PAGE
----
Dr. Melanie YuNow accepting New Patients

    We Create Smiles, One At A

    79 Broadway 519-941-9341

    able to service it for hous-ing.

    Mr. Young sought tohave the 20 acres redesig-nated but Mr. Wever saysit would be difficult tomeet the provincial criteriafor including it for devel-opment.

    However, the councilwill consider the request

    prior to next Mondaysmeeting, after which thefinal draft of the OPreview is expected to becirculated to the provinceand various agencies.

    Three of the major con-siderations for the firstdraft would be therequired sidewalks, theheight restrictions, andpossibly the Besleyrequest.

    From page A4

    Challenged by PPS

    Black Lab Hedda now Lauras eyesBy LINDSEY PAPP

    Staff Reporter

  • The Mono Nordic SkiClub will hold its 11thannual trail run thisSunday, October 17.

    One of the most populartrail runs of the fall season,the event will take place atMonora Park, just north ofOrangeville on Highway10. Its features include amulti-purpose area for useby participants before andafter the run; alunch/snack bar andindoor washroomsequipped with showers.

    There will be doorprizes as well as prizes forthe top male and femaleparticipants and top threeelementary-level racers.

    The trail run will usethe clubs five-kilometrecross-country ski trail,which takes participantsthrough a colourful standof hardwood trees, somefragrant pines and past aninviting pond, as well asup and down some chal-lenging hills.

    And this year the club isoffering a new event in theform of a unicycle race

    over the full five kilome-tres.

    All told, therell be1.5k, 5k and 10k runs,with the shortest for ele-mentary school childrenand the longer runs for allfive categories elemen-tary, high school, post-sec-ondary, Open and Master(40 years and over).

    The event, which willstart at 10 a.m., involvespre-registration fees of $5for kids 12 and under, $15for youths 13 to 18, $20for adults and $10 for allentrants in the unicyclerace.

    Entrants will berequired to sign waiversand register no later than9:30 a.m. Sunday. Youthsand adults registering onrace day will face an addi-tional $5 fee.

    All proceeds will go tothe clubs racing program.

    It has been four monthssince Laura Jotham gradu-ated from the Sir JamesDunn Dog Guide TrainingCentre and came home toOrangeville with her dogguide Hedda. Since then,Laura has had to be re-enrolled into the trainingprogram with her new dogWatson.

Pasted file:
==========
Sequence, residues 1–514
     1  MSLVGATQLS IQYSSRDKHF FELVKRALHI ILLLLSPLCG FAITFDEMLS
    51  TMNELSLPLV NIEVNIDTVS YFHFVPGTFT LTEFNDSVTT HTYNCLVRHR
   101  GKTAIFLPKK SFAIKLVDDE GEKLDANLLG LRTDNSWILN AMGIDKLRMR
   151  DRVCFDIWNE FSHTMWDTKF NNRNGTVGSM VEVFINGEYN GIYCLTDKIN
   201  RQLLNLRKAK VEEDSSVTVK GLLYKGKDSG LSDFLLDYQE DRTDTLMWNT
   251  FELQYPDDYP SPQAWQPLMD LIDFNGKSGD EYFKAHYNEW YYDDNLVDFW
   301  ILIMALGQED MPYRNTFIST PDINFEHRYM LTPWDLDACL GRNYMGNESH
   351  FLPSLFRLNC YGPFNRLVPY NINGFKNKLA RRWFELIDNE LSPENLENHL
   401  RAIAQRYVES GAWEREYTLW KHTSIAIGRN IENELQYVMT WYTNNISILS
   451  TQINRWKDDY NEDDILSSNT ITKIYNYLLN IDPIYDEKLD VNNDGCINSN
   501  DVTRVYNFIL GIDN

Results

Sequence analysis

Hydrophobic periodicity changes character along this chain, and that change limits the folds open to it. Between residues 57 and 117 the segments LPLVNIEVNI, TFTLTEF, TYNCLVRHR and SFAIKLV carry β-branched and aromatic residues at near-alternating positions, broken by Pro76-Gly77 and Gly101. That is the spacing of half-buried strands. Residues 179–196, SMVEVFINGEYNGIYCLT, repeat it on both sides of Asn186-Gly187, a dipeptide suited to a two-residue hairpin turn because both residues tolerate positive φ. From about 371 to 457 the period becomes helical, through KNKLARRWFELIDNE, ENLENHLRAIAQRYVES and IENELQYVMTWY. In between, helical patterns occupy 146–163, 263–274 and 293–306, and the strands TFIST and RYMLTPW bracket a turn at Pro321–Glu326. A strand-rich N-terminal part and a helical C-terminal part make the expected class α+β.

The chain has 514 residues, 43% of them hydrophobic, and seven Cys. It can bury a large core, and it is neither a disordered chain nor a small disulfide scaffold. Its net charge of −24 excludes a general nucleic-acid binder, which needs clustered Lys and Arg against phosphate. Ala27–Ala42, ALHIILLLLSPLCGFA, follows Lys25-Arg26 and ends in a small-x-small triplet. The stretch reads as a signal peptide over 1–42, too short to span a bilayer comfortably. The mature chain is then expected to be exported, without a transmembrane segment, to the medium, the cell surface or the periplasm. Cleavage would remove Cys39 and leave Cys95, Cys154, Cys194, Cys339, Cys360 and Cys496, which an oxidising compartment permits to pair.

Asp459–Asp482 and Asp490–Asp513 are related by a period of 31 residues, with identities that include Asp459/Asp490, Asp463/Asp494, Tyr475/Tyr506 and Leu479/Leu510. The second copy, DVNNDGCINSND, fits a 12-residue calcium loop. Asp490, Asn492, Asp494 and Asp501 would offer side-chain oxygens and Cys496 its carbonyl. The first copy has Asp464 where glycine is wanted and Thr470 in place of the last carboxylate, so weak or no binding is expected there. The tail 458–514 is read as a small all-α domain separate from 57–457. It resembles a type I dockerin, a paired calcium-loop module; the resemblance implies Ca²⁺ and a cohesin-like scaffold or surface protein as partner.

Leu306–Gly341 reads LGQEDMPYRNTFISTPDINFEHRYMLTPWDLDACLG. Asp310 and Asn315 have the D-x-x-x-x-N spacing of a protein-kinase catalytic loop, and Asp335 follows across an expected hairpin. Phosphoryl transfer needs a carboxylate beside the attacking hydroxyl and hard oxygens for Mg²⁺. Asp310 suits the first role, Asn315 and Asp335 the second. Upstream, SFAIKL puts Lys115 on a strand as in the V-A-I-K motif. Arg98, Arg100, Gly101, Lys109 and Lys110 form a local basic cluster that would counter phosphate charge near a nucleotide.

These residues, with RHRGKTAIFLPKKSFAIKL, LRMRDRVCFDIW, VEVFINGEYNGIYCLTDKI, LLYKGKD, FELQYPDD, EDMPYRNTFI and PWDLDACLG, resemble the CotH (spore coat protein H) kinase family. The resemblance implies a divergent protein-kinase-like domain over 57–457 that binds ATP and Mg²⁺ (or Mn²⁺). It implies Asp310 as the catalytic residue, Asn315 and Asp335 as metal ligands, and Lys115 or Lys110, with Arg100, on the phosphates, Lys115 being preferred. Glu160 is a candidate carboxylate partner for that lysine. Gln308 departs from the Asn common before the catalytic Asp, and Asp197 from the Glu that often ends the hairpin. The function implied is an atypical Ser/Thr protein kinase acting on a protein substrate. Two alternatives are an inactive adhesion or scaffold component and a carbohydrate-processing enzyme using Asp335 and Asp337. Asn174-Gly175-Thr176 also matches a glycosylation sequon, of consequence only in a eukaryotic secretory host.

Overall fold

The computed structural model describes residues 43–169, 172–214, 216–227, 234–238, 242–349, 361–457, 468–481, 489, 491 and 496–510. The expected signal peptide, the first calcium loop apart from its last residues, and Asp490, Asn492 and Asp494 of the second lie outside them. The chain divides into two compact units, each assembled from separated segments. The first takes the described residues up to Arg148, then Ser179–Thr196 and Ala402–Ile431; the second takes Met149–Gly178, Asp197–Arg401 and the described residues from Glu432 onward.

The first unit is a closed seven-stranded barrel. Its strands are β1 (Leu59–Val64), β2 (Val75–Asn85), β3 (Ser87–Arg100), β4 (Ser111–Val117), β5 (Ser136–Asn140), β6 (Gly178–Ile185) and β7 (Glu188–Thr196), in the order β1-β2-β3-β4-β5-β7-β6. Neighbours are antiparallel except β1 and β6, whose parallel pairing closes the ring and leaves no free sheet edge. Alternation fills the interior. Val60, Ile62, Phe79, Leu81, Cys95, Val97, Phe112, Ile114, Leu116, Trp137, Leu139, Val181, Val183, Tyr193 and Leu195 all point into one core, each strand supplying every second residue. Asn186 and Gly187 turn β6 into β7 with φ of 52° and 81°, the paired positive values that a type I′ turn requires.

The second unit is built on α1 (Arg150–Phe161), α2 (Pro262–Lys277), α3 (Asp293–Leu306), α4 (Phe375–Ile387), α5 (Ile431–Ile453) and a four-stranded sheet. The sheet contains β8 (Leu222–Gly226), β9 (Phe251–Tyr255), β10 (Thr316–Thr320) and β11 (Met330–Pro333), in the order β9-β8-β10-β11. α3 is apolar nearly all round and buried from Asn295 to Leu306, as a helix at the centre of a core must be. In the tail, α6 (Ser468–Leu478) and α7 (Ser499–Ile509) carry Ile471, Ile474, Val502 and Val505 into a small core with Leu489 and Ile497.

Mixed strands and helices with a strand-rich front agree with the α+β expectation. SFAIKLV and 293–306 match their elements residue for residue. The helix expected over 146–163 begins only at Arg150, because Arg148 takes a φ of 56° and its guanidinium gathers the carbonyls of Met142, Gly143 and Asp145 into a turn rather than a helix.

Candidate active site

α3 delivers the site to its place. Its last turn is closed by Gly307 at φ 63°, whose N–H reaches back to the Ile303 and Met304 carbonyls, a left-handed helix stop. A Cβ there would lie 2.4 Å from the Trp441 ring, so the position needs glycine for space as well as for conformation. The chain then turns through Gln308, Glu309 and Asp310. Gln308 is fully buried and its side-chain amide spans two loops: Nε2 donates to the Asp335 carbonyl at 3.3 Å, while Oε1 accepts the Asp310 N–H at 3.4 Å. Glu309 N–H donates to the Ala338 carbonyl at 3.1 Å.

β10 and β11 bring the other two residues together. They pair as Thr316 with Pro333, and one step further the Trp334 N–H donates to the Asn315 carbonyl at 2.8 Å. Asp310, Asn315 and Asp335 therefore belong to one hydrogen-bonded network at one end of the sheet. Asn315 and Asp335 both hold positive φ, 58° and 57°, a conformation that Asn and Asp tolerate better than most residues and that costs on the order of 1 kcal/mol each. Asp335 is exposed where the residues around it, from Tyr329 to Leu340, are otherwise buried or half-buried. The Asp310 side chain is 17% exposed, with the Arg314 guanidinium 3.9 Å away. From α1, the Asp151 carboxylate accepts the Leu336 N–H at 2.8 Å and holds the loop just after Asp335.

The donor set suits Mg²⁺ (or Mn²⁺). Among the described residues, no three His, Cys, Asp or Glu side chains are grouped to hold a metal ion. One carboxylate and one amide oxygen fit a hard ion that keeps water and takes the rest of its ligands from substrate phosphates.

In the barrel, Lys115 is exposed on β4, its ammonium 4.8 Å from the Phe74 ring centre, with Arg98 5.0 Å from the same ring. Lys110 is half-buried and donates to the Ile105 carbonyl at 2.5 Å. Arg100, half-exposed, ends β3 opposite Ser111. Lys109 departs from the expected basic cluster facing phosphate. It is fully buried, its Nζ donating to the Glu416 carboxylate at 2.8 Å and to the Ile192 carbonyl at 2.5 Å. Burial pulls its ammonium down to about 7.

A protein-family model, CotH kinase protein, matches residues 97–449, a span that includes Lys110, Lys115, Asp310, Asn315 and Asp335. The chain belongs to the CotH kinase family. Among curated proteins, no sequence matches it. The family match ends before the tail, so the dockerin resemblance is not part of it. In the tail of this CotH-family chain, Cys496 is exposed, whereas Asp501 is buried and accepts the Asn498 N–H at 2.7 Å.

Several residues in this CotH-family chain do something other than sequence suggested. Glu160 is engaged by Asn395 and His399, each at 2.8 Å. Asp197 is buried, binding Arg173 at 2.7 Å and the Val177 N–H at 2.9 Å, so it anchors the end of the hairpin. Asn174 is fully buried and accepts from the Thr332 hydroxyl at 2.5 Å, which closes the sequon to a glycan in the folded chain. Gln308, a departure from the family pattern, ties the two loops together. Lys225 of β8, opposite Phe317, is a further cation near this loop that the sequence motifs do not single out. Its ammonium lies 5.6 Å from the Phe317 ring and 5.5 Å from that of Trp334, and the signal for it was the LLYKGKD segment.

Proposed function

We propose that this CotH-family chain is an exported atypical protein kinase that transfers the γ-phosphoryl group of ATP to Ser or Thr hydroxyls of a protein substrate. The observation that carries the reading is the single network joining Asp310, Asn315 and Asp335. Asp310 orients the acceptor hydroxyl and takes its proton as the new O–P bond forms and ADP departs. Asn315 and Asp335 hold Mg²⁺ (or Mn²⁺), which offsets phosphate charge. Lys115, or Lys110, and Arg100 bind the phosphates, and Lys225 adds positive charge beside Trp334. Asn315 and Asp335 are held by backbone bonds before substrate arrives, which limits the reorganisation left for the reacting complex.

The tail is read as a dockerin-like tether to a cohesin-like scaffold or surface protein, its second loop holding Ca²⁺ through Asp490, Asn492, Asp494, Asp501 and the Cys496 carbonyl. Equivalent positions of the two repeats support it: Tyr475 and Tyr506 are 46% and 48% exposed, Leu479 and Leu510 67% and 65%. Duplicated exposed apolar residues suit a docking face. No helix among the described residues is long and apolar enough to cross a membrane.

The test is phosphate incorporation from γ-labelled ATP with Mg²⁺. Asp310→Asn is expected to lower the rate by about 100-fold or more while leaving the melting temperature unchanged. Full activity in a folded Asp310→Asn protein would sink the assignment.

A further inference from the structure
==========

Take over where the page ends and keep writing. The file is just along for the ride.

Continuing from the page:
Laura has Retinopathyof Prematurity (ROP), ablinding eye disorder thatprimarily affects prema-ture infants. She devel-oped ROP after she wasborn and today is legallyblind with only 10 per centvision in her right eye andnone in her left.

    Laura plans on further-ing her education afterhigh school. Having aguide dog that is able tokeep up with how she willbe living her life in thefuture was really impor-tant to her.

    With Hedda, I had herat home for a couple ofmonths and she wasntkeeping up with me, shesaid.

    During a follow-upvisit from Lauras trainer itwas decided that Hedda

    wasnt working out wellenough for Lauras needs.Hedda was brought backto the school to see if someextra training would helpiron out the problems shewas having.

    If I wanted to get upand go, she wouldnt getup for me, she wouldntgo, said Laura. Heddawas great in training butshe wasnt working outwhen she came home.

    There was no changeand it was agreed that anew dog should bebrought in.

    Laura says she was notdeterred by her experiencewith Hedda. She under-stands that sometimes adog and a person are notwell suited for one anoth-er, and she is much moreoptimistic about her newguide, Watson.

    He is fantastic, hekeeps right up with me,she said. We have offi-cially been training togeth-er for three weeks.

    Watson is a two-year-old golden Lab cross who,according to Laura, has agreat work ethic.

    He will lie low whileIm in class but when wehave to go hell get up andgo.

    Instead of requiring herto go back to Oakville fora month to complete thetraining for a second time,the Sir James Dunn DogGuide Training Centre hasbeen very accommodat-ing. They are allowingLaura and Watson a homeplacement where theirtrainer will visit them acouple times a week sothey can train together inLauras home environ-ment.

    Its my grade 12 yearand I cant afford to take amonth off school thisyear, said Laura. Theschool is so great, Imreally blessed to havethese people in my life.They are very accommo-dating.

    A trainer visits Lauraand Watson a couple timesa week in Orangeville towork with them.

    The school is there if Ineed them, and training inmy area is working outwonderfully, said Laura,who will be graduatingfrom the program inNovember. She has plansto visit the Lions Clubaround Christmas to showthem how she and Watsonhave been doing.

    Orangeville Citizen/Free Press and Economist October 14, 2010 A11

    From page A8

    > OUR BUSY BEE PROGRAM FOR AGES 3-5 Music and Movement during the early childhood stages are impor-tant for healthy child development. That is why HRC is introducing the Busy Bee Program. This one hour program will include:

    s music & movement

    s instrument exploration

    s agility & hand eye-coordination activities

    s active games & more!

    tennis squas

Search related